Rules for firing in fortress-siege artillery

 

 

 

 

 

Till 1897 the Bulgarian fortress-siege artillery had not special rules for firing, the only direction existing was the so called “Red booklet”, published in 1889 and specifically directed to the field artillery. Their need was greatly felt by the Bulgarian military circles, the European literature was carefully examined and the first original proposals were made. Detailed “Draft rules for firing with siege, fortress and field mortars batteries” were published by cpt. Atanas Rakovski, the commander of the Sofiyski fortress battalion, in the Военен Журнал in 1893-95, considering every kind of fortress artillery piece utilized at that time by the Bulgarian artillery and dealing with every aspect of the matter, from the different methods of firing to the signals for transmitting the orders during the combat.

In 1896 with the creation of an independent direction of the fortress artillery under to active leadership of col. Nikola Ryaskov, the situation begun to change. On  18 February 1896, with his Order N° 5 he listed in detail the reasons of the failure of the training fires made by the fortress battalions : 1) the officers were not well trained, since they had been recently transferred from the infantry battalions or the field artillery batteries; 2) the firing rules had been not adequately assimilated by the gunners; 3) the knowledge of the artillery materials recently introduced in armament was inadequate; 4) there were not manuals to instruct the troops in the service of the piece and in the conduct of fire.

First Проекто-правила за стрелбата въ крепостно-обсадната артилерия (Draft rules for firing in fortress-siege artillery) were elaborated by the direction of the fortress artillery in 1897 and sent to the battalions to be tested. After three years, they were revised according with the remarks and the proposals of the officers, who had applied them during the training firing practices, and published with Order N° 26 on 17 October 1900. Nevertheless also this text was regarded as provisional and after only two years it was replaced by a new Наставление за стрелба въ крепостно-обсадната артилерия (Direction for firing in fortress-siege artillery) that was mainly work of maj. Ivan Vatev, the head of the technical section of the Artillery Inspection.

 

The rules of fire were mainly based on the “Red booklet”, with only some changes due to the experience gained from its issue and to the typical features of the fortress-siege artillery pieces. The Draft rules exposed also a system to transfer the fire quickly, but did not contemplate special rules to direct the fire of a group of batteries, even if it was improvised by the Bulgarian artillery at that time.

Fortress artillery pieces could fire with different battering charges in order to make the trajectory more or less curved and hit also troops protected by trenches or breastworks.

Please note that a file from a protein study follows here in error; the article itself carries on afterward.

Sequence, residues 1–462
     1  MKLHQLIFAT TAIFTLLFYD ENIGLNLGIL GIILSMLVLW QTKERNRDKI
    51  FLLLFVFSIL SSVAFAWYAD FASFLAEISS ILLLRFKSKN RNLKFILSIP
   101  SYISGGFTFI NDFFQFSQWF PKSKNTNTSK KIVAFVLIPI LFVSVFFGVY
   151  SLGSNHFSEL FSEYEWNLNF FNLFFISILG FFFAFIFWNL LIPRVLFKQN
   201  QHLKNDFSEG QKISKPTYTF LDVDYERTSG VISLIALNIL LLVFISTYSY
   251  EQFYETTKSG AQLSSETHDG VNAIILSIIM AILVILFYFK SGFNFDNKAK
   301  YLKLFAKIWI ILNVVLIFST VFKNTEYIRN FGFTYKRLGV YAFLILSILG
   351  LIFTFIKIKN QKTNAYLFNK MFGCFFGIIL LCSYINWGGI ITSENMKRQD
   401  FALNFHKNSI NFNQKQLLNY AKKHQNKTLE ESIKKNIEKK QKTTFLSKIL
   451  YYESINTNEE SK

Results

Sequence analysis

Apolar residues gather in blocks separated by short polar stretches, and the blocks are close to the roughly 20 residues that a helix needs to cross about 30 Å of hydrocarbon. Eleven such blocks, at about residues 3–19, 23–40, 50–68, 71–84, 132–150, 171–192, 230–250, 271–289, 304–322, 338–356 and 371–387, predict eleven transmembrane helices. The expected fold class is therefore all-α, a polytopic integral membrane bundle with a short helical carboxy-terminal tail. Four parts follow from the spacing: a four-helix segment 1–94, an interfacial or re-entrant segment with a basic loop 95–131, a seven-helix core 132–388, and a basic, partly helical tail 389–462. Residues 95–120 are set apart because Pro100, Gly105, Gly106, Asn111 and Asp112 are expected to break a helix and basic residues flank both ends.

-    aimed fire : it was executed by long guns firing with the maximum charge, using all kinds of projectiles – shell, shrapnel and case shot; its performances were the highest accuracy, high horizontal striking velocity and the highest  flatness of the trajectory;

-    plunging fire : it was executed by howitzers and mortars firing with reduced charges at high angles, using shell or shrapnel; its performances were high steepness of the trajectory and high vertical striking velocity;

-    jumping fire : it was executed by short guns firing with mid charges at mid angles, using shell or shrapnel, its main performance was a trajectory steep enough to jump over the obstacle and strike the target placed behind it with sufficient force.

 

The adjustment was usually made with shell, according with the process described in the “Red booklet”, i.e. 1) taking the target into the high bracket, 2) shortening the bracket by halving to obtain the low bracket, 3) repeating the limits of the low bracket, 4) firing at one of the limits or at the middle of the low bracket, 5) verifying the height of sight obtained by firing a group of six shots.

However the low bracket could be reduced up to 4 probable errors, instead of 2, since the practice fires had showed that the deviations reported in the firing tables of the Russian guns were often wrong. In fact the tabular deviations of the 6 inch mortars were 2-3 times greater than the real ones, whereas the real deviations of the 4 pdr and 9 pdr guns were much greater that the tabular data. The bracket of 2 probable errors was required only with howitzers firing at high angles, especially with an angle of 38°, in order to fire with the established charge.

The limits of the low bracket were repeated since the fortress-siege artillery fire should be methodical and accurate. Repeating the limits the probability of hitting the target raised to 83%, instead of only 53%. The repetition slowed down the rate of fire, but this was not so important since the targets of the fortress artillery were not transitory like those of the field artillery.

The adjustment with shrapnel was usually made beginning with shells and shifting to shrapnel as soon as the burning time of the fuze was set. For this purpose the Draft rules introduced more accurate indications to find the correspondence between the elevation and the fuze set. Exceptionally the adjustment might be made also directly with shrapnel. With shrapnel fire 2 control rounds should be shot every time a doubt arose about the accuracy and effectiveness of the fire or also to verify whether the target had changed its position. If the enemy could suffer from the control fire, it is possible to shot even a whole battery discharge 4-6 rounds). Control rounds should be shot at an elevation increased of two low brackets and with fuze set for low bursts.